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How to manage chocking in babies

Choking is one of the scariest yet so common injury in babies. It’s so bad that it can even lead to death of young one. Babies are very prone to chocking mainly because their airways are small and they have not also mastered the art of chewing. They just swallow everything that get into their mouth. They are always at high risk as soon as they get to that picky-picky stage. This is the stage they start discovering a toy lying on the floor, coins, food on the plate, your hands and even their hands! I don’t know who told them the first destination should be their mouth! I have lost counts of the number of times I have to forcefully get something solid out of my baby’s mouth.

So what is chocking?

Choking is the inability to breathe because the trachea/wind pipe is blocked, constricted, or swollen shut. This means that as soon as something a solid is stuck on the wind pipe, you are not able to breath hence could lead to death. Chocking is among the leading cause of deaths of under 4 year children. At least 1 child dies in every 5 days!  Most chocking are caused by foods, candy and coins. So, its good for al moms to be warned.


In chocking, Time VERY important! Time is the only factor between life and death. Let me break it down for you.

  • 0-4 minutes- Brain damage is unlikely
  • 4-6 minutes- Brain damage possible
  • 6-10 minutes- Brain damage likely
  • 10+ minutes- probable brain death

I hope that scares you enough to know the urgency that should come with chocking. Maybe you are wondering, why the brain? The barin controls almost everything in your body. As soon as your windpipe is blocked, there is no oxygen passing through to the lungs and hence the oxygen supply decreases with time. By the time 10 minutes elapses, almost all the oxygen will have been used up and hence the brain slowly dies. This means the baby becomes unconscious!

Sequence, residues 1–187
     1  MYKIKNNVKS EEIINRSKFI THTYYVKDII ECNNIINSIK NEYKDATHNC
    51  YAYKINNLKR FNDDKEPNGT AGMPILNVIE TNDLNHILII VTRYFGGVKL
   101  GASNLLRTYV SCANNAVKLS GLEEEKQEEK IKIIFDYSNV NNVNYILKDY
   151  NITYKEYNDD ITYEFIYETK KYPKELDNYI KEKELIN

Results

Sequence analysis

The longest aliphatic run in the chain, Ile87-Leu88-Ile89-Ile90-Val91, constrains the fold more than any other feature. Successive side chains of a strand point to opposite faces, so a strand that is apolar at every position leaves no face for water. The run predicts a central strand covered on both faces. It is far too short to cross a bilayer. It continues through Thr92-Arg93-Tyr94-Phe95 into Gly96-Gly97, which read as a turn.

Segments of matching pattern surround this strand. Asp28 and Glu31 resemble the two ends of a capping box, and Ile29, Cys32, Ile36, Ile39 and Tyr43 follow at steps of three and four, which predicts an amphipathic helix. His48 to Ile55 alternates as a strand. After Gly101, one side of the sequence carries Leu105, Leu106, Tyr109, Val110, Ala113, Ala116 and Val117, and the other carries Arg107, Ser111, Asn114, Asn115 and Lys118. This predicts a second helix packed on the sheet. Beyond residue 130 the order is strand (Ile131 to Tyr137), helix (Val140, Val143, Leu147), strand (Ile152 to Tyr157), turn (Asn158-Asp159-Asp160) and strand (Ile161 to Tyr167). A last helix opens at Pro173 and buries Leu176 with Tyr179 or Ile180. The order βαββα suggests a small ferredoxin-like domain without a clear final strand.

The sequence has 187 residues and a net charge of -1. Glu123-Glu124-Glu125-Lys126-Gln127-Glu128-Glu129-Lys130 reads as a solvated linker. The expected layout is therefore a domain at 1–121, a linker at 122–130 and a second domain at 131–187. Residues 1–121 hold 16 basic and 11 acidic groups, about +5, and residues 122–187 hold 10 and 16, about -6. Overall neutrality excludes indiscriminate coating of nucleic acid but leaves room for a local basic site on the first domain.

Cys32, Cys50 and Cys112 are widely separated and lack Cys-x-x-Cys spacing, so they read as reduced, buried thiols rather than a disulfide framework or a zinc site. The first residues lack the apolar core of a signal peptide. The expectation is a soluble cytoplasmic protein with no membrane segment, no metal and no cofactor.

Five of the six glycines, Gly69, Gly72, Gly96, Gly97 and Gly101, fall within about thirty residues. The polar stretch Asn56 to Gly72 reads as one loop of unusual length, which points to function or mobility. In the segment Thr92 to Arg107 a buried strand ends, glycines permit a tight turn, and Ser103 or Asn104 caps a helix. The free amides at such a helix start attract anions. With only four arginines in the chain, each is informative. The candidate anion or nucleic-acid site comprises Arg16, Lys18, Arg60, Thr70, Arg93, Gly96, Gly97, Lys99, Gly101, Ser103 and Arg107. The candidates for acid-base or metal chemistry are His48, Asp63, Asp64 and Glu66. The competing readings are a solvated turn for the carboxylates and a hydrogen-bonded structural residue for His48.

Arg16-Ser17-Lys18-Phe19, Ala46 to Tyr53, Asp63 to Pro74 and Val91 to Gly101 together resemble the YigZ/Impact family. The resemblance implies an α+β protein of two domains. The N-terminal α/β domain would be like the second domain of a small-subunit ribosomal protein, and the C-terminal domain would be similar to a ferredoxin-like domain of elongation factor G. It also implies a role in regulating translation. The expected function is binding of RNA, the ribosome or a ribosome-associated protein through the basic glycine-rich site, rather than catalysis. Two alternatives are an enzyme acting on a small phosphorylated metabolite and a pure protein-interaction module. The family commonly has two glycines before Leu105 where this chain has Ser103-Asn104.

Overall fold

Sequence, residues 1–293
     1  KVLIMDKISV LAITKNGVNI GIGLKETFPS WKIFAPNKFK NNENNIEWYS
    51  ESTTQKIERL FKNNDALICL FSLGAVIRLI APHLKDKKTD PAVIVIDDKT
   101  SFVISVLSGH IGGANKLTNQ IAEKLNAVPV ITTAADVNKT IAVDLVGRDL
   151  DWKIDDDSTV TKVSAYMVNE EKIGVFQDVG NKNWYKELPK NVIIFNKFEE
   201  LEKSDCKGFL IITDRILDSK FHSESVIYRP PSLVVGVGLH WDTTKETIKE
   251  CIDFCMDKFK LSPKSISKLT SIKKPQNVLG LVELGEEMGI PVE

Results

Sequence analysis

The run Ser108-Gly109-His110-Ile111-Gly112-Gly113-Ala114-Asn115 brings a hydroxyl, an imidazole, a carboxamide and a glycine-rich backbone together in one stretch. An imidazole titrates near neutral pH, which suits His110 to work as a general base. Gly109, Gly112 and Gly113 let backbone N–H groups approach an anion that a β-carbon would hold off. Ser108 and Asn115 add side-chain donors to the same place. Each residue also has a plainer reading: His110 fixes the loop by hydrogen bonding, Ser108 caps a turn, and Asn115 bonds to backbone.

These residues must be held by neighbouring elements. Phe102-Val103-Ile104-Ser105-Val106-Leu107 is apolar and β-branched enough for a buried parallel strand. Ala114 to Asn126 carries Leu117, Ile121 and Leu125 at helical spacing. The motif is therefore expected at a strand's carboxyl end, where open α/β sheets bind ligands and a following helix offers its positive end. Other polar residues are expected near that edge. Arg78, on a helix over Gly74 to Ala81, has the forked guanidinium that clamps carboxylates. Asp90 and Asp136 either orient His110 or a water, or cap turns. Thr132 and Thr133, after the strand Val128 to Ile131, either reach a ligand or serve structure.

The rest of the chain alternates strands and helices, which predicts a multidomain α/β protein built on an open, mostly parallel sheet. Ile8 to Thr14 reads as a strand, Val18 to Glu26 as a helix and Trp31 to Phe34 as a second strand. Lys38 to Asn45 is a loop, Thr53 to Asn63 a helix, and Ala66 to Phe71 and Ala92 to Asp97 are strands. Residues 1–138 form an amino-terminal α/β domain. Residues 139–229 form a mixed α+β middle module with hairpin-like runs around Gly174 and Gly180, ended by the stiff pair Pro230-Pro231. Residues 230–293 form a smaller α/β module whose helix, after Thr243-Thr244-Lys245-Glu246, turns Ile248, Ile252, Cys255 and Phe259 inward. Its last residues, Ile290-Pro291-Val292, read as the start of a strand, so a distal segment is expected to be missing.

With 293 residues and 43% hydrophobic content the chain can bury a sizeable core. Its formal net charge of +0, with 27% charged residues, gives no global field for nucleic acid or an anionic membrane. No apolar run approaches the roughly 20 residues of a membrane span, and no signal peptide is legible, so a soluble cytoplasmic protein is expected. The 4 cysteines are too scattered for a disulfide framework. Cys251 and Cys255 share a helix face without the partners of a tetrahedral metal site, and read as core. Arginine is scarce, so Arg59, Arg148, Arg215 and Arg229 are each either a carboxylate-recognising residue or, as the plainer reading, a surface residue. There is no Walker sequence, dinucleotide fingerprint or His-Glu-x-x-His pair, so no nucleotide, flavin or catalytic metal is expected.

What are the signs of chocking?

Here are the symptoms so that you can informed for action.

  • Coughing or gagging
  • Difficulty in breathing
  • Sudden inability to talk or cry
  • Open the mouth while making funny sounds or no sound at all
  • Hand signals and panic
  • Wheezing
  • Passing out
  • Turning blue: You may notice this on the face, lips, finger nail indicating that oxygen is low I supply.

How do you manage chocking?

  1. Assess the situation quickly– If the baby has suddenly stopped crying or talking, it means that something has blocked the wind pipe. If the baby is coughing, it means that the airways are partially blocked. Encourage coughing as it will dislodge the solid out of the trachea.
  2. Back blows- The next step is try to dislodge the object– If two minutes have elapsed and the object is not coming out despite the coughing, you need to change tactics. The first thing you should do is to give the baby back blows. You need to sit, then place the baby on your arm facing the ground. Support the neck with your hand (between the thumb and the fingers-face down) and maintain the support. Lower you thigh such that the baby’s head is lower than the chest. Using the palm of your other hand, give five, firm and distinct blows on the space between the baby’s shoulders. The object may come out.